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Before Mike and Nate Kinsella had any LIES songs, they had code names – Robyn, Depeche Mode, The Cure, Peter Gabriel. But if Mike had his way, LIES might’ve gone all in on the gated snares and Aqua Net to tailor their arena synth-pop ambitions in the image of Def Leppard. No longer beholden to Owen or American Football’s expectations of modesty and melancholy, Mike put aside his trademark twinkles and dreamed of guitarmonies upon guitarmonies – the multi-tracked riffs you might associate with “Bringin’ On The Heartbreak,” but also, say, “The Boys Are Back In Town” or most Boston songs. While the Kinsellas were working on one of the sketches from their debut album Lies, Nate remembers “that [guitarmony] came in and I do remember sinking down on the couch.” Mike does not deny the Hysteria allegations – “you and [producer] Jason [Cupp] were so mad.”
But this was just about the only point of contention between the Kinsellas in the creation of Lies – the longest, most daring and sonically complex record the cousins have ever made together and also somehow the easiest. The latter was a necessity if LIES was going to be more than just another pandemic-inspired lark. Though this is the first time Nate and Mike have been exclusive creative partners, there are many, many branches on the Kinsella Family Tree – both played in Tim Kinsella’s long-running Joan of Arc, Nate joined the JOA offshoot Make Believe and contributed to several of Mike’s albums as Owen, while also starting his own band Birthmark. But the Kinsellas naturally want LIES to be seen as explicitly distinct from American Football, which Nate joined as a touring member upon their reunion and as a full-on contributor to their 2019 album. The comparisons are inevitable and also somewhat warranted. Though Mike sings in character throughout Lies, aching melodies are unmistakable as those of Mike Kinsella. “[Nate] wanted me to be a little more gentle but I only do ‘on or off,’ I don’t have a lot of nuance,” he jokes.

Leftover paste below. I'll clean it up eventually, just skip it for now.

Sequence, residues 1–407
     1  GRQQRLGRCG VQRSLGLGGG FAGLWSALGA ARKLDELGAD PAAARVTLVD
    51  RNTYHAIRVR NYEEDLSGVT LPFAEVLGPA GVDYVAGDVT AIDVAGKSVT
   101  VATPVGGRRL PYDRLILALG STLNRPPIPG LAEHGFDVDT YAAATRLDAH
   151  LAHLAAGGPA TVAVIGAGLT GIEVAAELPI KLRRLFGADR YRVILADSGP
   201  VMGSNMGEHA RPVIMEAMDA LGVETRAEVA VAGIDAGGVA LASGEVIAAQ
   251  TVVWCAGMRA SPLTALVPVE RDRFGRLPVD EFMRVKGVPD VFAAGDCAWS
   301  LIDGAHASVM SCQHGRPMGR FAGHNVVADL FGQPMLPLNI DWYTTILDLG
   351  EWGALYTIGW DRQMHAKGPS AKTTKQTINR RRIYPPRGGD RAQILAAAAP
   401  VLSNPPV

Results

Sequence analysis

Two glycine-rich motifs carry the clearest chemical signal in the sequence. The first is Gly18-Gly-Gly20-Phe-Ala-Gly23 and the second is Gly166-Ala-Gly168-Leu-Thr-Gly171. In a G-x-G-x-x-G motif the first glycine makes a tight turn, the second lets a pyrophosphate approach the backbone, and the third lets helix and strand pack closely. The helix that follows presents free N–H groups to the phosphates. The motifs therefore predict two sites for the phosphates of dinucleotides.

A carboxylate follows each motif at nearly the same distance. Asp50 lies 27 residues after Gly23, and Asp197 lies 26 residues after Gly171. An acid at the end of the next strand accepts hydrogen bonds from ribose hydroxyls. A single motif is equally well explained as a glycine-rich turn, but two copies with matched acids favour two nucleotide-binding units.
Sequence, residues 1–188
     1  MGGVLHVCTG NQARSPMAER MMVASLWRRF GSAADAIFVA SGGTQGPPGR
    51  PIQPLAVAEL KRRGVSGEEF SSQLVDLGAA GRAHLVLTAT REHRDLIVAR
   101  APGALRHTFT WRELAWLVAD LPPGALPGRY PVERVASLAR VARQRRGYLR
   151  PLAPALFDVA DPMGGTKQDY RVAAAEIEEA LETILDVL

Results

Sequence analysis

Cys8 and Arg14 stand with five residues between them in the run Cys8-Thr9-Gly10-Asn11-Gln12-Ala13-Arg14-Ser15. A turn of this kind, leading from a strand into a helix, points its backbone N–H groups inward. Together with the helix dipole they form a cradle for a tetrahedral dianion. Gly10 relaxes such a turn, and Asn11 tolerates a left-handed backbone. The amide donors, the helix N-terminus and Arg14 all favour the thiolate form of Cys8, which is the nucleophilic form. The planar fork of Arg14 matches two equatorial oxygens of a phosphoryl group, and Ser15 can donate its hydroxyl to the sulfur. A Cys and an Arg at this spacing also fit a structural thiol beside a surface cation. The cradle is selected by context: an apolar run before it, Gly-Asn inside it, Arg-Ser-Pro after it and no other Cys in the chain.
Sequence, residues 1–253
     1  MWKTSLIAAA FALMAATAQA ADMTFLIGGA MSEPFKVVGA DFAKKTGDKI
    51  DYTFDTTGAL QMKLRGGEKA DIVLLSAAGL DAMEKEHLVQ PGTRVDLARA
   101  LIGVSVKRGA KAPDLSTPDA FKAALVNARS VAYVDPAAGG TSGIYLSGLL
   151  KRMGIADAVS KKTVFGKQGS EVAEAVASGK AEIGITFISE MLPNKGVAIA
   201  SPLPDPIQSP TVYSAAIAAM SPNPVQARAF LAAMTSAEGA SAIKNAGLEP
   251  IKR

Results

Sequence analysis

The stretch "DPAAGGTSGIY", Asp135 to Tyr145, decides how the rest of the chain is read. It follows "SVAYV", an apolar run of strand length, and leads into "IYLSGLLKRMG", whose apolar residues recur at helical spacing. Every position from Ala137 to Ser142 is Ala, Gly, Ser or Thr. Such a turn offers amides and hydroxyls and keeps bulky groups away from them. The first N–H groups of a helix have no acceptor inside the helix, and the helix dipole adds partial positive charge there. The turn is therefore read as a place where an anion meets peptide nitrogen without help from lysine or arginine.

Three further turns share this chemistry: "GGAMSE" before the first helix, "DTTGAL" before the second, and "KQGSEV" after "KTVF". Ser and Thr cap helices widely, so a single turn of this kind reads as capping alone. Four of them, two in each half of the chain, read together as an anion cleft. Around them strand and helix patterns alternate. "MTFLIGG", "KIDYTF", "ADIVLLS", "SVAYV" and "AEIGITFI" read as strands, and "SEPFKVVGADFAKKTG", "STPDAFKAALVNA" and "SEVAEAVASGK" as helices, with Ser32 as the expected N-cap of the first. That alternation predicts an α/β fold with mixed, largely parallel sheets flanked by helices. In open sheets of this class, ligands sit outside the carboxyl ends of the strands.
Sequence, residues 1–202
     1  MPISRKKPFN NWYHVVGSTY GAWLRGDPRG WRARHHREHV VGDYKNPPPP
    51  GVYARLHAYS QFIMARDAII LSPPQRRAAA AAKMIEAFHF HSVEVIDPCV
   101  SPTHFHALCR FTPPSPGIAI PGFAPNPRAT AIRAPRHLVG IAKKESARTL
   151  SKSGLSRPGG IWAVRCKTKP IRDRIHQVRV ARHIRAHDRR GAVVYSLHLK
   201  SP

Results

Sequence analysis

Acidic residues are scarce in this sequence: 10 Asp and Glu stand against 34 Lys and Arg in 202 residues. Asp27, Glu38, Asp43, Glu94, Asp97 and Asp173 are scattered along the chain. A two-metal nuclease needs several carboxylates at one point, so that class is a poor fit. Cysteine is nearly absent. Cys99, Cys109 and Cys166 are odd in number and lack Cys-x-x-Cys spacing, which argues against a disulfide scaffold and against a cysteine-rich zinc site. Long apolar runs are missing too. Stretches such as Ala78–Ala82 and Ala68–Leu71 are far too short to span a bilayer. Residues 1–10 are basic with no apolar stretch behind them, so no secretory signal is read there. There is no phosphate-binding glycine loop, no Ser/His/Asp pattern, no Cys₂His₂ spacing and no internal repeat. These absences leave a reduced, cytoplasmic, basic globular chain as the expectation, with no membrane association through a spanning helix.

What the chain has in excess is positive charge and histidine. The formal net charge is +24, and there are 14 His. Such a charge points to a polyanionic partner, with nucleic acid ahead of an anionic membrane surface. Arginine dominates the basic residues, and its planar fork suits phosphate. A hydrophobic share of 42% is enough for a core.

More pointedly, most of Lies evolved from sessions meant to create American Football LP4 – intended as a departure from their well-received reunion records, but an American Football album all the same. “I knew we wanted to go in a new direction,” Mike states, and initial sessions yielded about 20 sketches with quintessential, searching American Football guitar melodies on top. “Oh, these could work! You can see in the future where these could live in American Football world.”